Audio Research D-76 Vintage Tube Amplifier
Pickup available at SkyFi 479
Usually ready in 24 hours
Audio Research D-76 Vintage Tube Amplifier
479 South Broad Street
Glen Rock NJ 07452
The ARC D-76 is a favorite among vintage audio collectors and tube rollers.
This example arrived in great condition considering it's nearly 50 years old, and is nearly all original and unmolested.
We fitted some new tubes as described below and performed a light service to ensure it works and plays reliably in its new home.
SkyFi Cosmetic Notes:
• Right channel terminal block has some damage.
• Top cover is missing a protective plastic ring on the cover by the right channel connections.
SkyFi Technical Notes:
• Output tubes are all very high quality Svetlana 6550.
• Tested all remaining tubes:
•• Replaced all 12AX7 with current production Jadis branded China triple mica 12AX7
•• Replaced weak 6CG7 w/Japanese NOS
• Set bias to 50mA
• Set AC Balance w/ Scope
• Tested both channels to approx. 80W at clipping
• Listening test PASS
More from ARC vintage marketing materials (D-76/D-76A):
In the late 1950's and early 60's amplifier designers were competing to get THD and IM distortion down to 1% or lower. After that goal was achieved the competition among manufacturers turned to higher power in the late 60's and early 70's. Today, numerous manufacturers offer high power amplifiers at just a few dollars a watt and all with 1% distortion or less.
During these same time periods, a few audio designers were discovering that low static distortion measurements were not enough to assure good sound reproduction. Amplifiers having similar low distortion often sounded quite different under the dynamic demands of music reproduction. Obviously, these "low distortion" amplifiers had distortion, and plenty of it, but there was no method of measuring distortion under these conditions.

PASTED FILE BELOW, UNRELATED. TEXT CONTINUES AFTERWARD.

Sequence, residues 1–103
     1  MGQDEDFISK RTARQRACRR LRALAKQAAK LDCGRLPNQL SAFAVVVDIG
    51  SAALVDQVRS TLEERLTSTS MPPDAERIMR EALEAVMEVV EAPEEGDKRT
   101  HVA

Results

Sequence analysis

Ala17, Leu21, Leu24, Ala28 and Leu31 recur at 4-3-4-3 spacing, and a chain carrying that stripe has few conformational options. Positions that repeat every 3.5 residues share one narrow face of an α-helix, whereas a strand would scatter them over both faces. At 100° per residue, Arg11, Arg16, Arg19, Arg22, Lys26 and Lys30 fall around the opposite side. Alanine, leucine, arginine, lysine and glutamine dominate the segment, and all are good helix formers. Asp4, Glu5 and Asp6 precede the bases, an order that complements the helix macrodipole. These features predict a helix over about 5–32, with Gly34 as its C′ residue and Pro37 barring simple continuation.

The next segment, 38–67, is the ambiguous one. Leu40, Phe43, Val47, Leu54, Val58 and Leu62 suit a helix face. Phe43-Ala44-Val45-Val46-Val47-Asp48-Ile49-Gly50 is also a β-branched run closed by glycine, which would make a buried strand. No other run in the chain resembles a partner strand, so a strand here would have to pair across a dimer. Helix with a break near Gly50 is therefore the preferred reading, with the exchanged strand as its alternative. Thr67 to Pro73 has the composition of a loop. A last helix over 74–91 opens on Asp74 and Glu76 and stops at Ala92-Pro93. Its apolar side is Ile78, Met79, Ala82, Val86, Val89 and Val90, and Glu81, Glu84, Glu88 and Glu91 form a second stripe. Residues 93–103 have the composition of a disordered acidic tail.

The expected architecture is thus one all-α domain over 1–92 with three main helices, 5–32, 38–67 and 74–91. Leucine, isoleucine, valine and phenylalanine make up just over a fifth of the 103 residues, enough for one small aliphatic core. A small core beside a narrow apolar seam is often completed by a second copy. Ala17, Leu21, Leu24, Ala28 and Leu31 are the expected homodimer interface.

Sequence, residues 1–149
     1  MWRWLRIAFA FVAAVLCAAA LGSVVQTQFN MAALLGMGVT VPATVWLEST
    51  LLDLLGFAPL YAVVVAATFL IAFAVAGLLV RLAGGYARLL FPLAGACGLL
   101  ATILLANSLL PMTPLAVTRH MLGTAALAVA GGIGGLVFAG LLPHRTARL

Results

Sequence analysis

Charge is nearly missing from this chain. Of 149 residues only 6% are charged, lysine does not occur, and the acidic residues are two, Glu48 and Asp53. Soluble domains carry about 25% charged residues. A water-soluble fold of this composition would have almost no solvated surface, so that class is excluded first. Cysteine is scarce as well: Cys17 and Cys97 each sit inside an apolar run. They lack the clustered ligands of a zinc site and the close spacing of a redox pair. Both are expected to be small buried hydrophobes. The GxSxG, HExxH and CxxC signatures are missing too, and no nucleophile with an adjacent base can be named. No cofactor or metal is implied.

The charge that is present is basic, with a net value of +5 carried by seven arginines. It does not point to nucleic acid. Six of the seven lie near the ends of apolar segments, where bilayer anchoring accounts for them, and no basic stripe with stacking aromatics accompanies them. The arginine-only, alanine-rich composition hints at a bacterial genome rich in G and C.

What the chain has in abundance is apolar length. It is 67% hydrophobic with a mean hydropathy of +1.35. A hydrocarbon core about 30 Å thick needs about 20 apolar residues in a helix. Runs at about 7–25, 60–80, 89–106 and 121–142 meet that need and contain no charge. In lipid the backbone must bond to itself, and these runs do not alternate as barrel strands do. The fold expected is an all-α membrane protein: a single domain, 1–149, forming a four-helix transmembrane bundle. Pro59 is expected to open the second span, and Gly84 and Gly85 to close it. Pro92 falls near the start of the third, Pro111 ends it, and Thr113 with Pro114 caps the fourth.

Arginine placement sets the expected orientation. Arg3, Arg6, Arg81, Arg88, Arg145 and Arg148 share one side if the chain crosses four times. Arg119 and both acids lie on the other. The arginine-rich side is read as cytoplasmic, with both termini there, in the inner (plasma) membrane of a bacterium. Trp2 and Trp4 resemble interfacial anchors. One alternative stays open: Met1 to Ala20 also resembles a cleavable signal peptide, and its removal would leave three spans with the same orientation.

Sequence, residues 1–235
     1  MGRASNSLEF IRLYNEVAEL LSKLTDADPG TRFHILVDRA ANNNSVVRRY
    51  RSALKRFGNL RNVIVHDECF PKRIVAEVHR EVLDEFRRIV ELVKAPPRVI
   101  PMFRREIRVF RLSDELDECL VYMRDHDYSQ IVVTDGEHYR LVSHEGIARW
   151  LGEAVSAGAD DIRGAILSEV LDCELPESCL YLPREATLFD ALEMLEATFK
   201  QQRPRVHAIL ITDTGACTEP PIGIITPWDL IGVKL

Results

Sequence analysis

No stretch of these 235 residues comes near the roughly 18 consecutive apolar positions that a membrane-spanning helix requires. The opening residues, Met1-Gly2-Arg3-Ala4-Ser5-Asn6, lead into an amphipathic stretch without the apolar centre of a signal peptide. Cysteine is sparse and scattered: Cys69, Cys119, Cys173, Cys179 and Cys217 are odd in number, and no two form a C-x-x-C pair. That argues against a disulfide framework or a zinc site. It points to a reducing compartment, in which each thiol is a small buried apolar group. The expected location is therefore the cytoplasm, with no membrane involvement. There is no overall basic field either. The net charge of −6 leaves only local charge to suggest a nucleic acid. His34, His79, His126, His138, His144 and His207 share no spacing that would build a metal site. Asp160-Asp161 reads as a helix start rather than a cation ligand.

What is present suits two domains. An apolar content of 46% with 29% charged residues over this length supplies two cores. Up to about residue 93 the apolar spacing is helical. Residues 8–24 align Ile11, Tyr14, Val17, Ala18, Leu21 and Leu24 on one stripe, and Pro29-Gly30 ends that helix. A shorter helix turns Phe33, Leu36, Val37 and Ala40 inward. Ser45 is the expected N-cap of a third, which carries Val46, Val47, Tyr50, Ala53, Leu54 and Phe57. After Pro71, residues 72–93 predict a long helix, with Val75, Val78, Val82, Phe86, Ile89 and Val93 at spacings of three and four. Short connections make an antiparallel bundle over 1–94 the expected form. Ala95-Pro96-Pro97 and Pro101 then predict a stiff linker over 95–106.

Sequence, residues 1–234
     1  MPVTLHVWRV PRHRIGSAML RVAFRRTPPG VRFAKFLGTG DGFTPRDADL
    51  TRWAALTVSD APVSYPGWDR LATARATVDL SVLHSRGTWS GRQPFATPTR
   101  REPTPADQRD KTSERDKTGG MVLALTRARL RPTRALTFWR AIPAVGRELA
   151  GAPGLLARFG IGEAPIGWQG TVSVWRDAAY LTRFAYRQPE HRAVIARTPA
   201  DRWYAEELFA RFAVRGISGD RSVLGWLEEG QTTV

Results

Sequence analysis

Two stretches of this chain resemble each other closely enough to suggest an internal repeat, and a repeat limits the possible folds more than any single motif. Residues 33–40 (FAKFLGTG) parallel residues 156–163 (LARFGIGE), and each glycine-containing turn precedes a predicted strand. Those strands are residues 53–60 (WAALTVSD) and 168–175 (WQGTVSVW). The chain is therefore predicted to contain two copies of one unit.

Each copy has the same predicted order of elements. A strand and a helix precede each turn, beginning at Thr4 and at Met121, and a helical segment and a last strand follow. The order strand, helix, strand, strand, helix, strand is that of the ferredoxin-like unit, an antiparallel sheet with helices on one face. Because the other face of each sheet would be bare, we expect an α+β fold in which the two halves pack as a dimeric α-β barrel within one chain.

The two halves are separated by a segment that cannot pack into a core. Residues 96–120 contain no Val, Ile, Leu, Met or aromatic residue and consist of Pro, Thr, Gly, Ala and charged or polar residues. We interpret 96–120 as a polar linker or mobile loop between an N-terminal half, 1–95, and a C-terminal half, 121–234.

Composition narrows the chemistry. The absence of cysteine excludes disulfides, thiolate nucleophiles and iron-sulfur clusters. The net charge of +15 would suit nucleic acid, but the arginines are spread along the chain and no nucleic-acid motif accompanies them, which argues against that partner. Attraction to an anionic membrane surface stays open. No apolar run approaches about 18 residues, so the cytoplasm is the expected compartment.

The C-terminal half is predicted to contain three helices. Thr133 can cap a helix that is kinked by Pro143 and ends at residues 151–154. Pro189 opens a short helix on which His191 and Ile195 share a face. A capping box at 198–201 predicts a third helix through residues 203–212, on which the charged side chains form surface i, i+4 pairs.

Now, in the mid 1970's, an increasing number of manufacturers are acknowledging this phenomenon and claiming to have improved designs which offer better "sound quality" in addition to good specifications.
Since the late 1950's, engineers at Audio Research have been aware of these problems. To achieve low distortion under the dynamics of music, Audio Research has investigated many approaches to amplifier design, including the conventional bipolar transistor, FET, V-FET, Class D (switching), tube and various combinations of each. Our continued research indicates that our best tube circuits (patented) provide the most musical amplifier design. Tubes, per se, don't ensure a musical sounding amplifier. It's just that our patented, cross-coupled, balanced tube circuitry is something that neither we nor anyone else has been able to improve upon.
It is sometimes hard for the audiophile to accept, but all amplifiers are a compromise in at least one of four main areas-sound quality, construction quality, power, and/or price. Despite advertising claims, no manufacturer (including Audio Research) is able to offer an amplifier that is best in all four of these areas. The Audio Research D-76A amplifier was designed to excel in two specific areas quality sound and quality construction.
To offer more power per dollar would require a compromise in either sound or construction quality which would be pointless since the market is flooded with good "compromise" amplifiers. The D-76A was designed for the audiophile perfectionist that wants quality first and will take nothing less."
Audio Research continues its dedication to unparalleled musical expression and crafting components of the highest quality and lasting value for its customers.
Our long-term dedication to service is peerless in this industry (Audio Research, with few exceptions, can repair anything ever produced during its entire history).
We continue to seek out new and exciting ways to make music more real and more enjoyable. More than just a name or a marketing tool, Audio Research has come to represent exceptional performance and long-term value. Experience Audio Research – experience High Definition®.
Smooth, uncolored, undistorted and beautiful musical sound with little fatigue.
7/10 = Good. One or two minor scratches. Well Maintained.. See our detailed rating description here.